Skip to main content

Belal Muhammad Wants To Win At Life

No matter what happens in Belal Muhammad's career he is focused on putting his full effort into everything he does inside and outside the Octagon.

The Tweet, posted on August 25, said it all for Belal Muhammad.

“When you die, die on E,” he wrote. “Leave no dream left behind guys. Leave no opportunity left behind. When you leave this earth, accomplish every single thing you can accomplish.”

The 31-year-old welterweight didn’t always feel that way. Blame it on his youth, or the fact that many of his peers (in and out of the fight game) aren’t thinking big picture. To them, what matters is right now or in the near future, and if they do fight for a living, it’s all about the belt.

Sign-up now to watch Belal Muhammad vs Takashi Sato on UFC Fight Pass

Muhammad, who faces Takashi Sato in Abu Dhabi this Saturday, wants a belt, too. But it’s not all about what happens in the Octagon. It’s about the journey to fight night, and what happens in the days, weeks, months and years after the final horn sounds.

“It came to me within the last three, four years,” he said. “I was just realizing what kind of platform I have right now and a lot of people don’t get this opportunity. I wouldn’t be able to do this if I had a normal job.”

NEW YORK, NY - JANUARY 19: (L-R) Belal Muhammad kicks Geoff Neal in their welterweight bout during the UFC Fight Night event at the Barclays Center on January 19, 2019 in the Brooklyn borough of New York City. (Photo by Josh Hedges/Zuffa LLC/Zuffa LLC via Getty Images)
NEW YORK, NY - JANUARY 19: (L-R) Belal Muhammad kicks Geoff Neal in their welterweight bout during the UFC Fight Night event at the Barclays Center on January 19, 2019 in the Brooklyn borough of New York City. (Photo by Josh Hedges/Zuffa LLC/Zuffa LLC via

True, Muhammad’s job is far from normal, and as he made it to the UFC in 2016 and made a name for himself as a fighter to watch in one of the sport’s toughest weight classes, he began to see that what he did for a living had an impact on people he never even met before.

“At first, I was sitting there, ‘I’m a fighter, and if I get there to the belt, then it will mean something,’” he said. “But then you realize that people from all over the world are looking up to you and watching you and paying attention to what you’re doing. It put everything into perspective.”

As messages came in from around the world, telling him how he was being an inspiration, Muhammad began to embrace more than just the fight and the slow climb to the top. He talks of the memories he’ll have of the people he’s met along the way, of his travels to places like Australia and Abu Dhabi, but some of the moments he’ll remember most will be the ones with his teammates at Roufusport.

One of them – Paul Felder – is in Saturday’s co-main event, and another – Jared Gordon – is on the trip to the UAE with his squadmates. It’s the way Milwaukee’s finest do things.

“That’s why I love Roufusport,” said the Chicago-born Muhammad. “It’s literally like a family in there and nobody has an ego. You go to some gyms and some guys won’t be in the UFC and they’ll try to go hard with you just to prove themselves. And I’ve been to gyms like that before and I’ve been to the gyms where guys will go super hard and try to kill each other in sparring. You’re not getting paid to spar. At Roufusport, we’re all trying to help each other get better. Jared just fought and he was back in the gym, helping us train because he wants to help us. He’s flying to Abu Dhabi with me and Paul, and it’s that camaraderie. And when you know you have friends like that, it means a lot. It’s not like having training partners, it’s more like having brothers and it makes that whole gym environment so much better.”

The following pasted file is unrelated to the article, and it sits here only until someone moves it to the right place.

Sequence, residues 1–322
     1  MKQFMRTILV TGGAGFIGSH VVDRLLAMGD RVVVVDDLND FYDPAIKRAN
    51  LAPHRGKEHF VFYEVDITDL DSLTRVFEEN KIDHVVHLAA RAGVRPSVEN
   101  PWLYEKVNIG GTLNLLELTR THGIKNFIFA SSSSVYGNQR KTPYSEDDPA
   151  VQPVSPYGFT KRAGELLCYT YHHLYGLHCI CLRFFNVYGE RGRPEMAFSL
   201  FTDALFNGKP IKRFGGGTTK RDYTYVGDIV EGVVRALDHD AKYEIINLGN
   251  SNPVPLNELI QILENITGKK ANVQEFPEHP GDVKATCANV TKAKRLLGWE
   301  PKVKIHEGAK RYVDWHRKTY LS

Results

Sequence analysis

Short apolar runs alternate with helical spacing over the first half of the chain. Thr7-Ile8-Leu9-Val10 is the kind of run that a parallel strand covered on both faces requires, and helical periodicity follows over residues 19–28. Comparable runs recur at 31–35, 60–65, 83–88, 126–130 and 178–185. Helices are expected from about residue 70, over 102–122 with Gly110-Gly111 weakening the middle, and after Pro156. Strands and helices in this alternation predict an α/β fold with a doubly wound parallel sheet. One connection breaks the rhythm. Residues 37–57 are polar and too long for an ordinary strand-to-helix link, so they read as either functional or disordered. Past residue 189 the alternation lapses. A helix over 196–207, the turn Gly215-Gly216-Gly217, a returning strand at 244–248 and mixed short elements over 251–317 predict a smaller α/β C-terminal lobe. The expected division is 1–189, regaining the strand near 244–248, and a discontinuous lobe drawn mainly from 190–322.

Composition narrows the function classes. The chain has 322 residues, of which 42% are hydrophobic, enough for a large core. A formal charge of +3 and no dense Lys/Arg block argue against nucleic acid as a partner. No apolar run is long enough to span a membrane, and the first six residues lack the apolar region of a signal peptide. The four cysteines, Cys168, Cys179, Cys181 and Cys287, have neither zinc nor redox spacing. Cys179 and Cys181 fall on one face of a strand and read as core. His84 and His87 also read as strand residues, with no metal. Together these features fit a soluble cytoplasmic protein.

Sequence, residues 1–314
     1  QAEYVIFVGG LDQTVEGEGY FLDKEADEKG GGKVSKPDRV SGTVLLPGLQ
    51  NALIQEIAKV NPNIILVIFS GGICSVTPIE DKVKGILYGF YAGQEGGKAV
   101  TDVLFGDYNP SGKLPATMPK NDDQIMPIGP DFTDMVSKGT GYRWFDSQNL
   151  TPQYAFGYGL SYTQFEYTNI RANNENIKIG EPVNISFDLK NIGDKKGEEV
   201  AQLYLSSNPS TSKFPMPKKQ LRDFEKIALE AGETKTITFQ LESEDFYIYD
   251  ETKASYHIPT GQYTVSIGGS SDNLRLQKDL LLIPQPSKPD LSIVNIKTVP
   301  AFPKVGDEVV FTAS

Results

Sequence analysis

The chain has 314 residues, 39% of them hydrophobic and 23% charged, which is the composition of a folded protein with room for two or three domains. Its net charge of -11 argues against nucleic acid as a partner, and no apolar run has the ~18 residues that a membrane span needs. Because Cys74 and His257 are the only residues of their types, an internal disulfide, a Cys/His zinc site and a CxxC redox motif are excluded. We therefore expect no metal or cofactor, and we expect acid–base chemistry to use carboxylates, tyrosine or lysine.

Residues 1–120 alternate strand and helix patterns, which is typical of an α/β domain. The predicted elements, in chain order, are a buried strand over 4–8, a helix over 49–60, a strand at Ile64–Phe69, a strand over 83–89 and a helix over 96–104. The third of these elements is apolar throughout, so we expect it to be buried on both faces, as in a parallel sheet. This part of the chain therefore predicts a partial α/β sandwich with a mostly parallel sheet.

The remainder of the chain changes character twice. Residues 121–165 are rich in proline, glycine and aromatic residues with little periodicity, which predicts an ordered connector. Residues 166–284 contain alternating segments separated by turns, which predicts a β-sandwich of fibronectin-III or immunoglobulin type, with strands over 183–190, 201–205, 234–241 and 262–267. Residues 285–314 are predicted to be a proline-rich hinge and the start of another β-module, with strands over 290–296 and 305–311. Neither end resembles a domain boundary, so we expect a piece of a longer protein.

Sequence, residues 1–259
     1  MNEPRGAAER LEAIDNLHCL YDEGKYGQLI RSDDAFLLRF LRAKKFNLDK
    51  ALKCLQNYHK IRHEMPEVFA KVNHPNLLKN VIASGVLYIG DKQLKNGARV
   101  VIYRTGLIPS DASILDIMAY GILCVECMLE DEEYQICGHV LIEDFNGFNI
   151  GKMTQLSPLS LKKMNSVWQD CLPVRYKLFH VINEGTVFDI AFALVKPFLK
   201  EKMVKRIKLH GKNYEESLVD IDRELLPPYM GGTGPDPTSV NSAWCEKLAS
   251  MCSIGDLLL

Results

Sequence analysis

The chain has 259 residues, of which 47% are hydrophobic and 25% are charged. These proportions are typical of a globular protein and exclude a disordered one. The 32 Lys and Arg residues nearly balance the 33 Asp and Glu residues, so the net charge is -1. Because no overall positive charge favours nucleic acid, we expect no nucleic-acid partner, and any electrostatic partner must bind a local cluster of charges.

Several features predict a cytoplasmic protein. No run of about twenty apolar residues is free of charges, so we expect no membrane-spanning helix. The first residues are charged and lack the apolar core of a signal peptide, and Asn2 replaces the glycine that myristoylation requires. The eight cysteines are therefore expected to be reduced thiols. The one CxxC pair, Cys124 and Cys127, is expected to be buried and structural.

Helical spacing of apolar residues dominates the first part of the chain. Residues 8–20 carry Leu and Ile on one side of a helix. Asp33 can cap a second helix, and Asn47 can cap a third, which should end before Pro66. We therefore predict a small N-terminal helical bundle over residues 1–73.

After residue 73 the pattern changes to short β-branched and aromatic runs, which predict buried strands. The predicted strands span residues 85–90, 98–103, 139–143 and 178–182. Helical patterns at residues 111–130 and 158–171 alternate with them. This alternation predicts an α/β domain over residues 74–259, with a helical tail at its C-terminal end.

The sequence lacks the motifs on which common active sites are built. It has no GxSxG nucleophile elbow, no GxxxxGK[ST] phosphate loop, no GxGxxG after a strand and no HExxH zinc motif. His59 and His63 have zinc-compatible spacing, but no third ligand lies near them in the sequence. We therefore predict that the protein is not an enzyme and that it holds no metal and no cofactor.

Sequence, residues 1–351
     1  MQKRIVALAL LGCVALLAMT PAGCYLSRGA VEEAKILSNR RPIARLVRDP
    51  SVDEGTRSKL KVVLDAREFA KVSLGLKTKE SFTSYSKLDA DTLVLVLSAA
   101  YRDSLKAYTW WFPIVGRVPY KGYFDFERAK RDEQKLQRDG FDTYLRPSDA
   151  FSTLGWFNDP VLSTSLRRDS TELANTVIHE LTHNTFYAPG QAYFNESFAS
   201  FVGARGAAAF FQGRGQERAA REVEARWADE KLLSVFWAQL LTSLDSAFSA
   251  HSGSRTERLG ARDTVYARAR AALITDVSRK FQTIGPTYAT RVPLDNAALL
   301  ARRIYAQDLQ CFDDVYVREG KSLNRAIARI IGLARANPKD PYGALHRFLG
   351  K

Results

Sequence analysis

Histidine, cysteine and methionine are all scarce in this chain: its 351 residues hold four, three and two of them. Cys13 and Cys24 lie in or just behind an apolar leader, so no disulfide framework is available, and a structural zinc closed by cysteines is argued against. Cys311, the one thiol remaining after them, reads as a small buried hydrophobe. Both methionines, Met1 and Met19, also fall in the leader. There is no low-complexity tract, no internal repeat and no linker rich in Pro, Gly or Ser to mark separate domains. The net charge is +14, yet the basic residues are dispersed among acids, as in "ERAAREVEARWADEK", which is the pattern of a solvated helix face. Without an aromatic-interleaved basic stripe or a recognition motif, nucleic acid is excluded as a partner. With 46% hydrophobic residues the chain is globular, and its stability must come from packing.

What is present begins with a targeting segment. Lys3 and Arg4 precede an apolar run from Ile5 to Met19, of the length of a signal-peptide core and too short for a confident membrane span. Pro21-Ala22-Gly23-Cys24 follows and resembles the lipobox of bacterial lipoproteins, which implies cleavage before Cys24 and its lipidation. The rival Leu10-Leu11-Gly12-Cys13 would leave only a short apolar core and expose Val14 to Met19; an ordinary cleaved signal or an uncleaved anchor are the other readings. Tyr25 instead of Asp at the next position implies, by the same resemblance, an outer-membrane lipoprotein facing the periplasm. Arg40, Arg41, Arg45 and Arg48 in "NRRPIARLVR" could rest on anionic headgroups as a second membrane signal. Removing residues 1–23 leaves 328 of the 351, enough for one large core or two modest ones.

Social Post

It doesn’t hurt that the trio are able to find levity in this toughest of sports and make each other – and those watching from afar – laugh. And thanks to social media, fans have been able to see their personalities and get to know them better than in most cases of the fan-athlete interaction.

“A lot of guys don’t know that this is part of the game,” said Muhammad. “You have to be on social media and you have to be personable with your fans and post stuff. That’s what I’m trying to tell these young fighters coming up – social media’s a big part of the game because people get to know the real side of you and see that you’re a normal person.”

And going back to the big picture, fans who may have built in preconceptions about Muslims or Islam will find out that this devout Muslim is just like anybody else. That’s important to Muhammad, a Palestinian by heritage who believes that once fans see Saturday’s card and learn the stories of the Muslims on UFC 242, it will shine a light on folks who often get misunderstood or stereotyped.

“A lot of people just don’t know what this religion is about,” he said. “On this card, when you see all these guys being humble and respectful and see what type of guys these are and that they’re really good fighters as well, you’ll see what they’re doing. It’s going to be huge to see these guys representing the sport and representing a religion that I love and that is all about peace and respect. And that’s what I feel martial arts is about as well.”

Sounds like there will be more than a few memories made for Muhammad to bring back home with him, reinforcing his Tweet that life is about being an active participant and not an observer.

“At the end of my life, whether I get to the championship or get a title or not, I’ll know I went for it and I left it all out there.”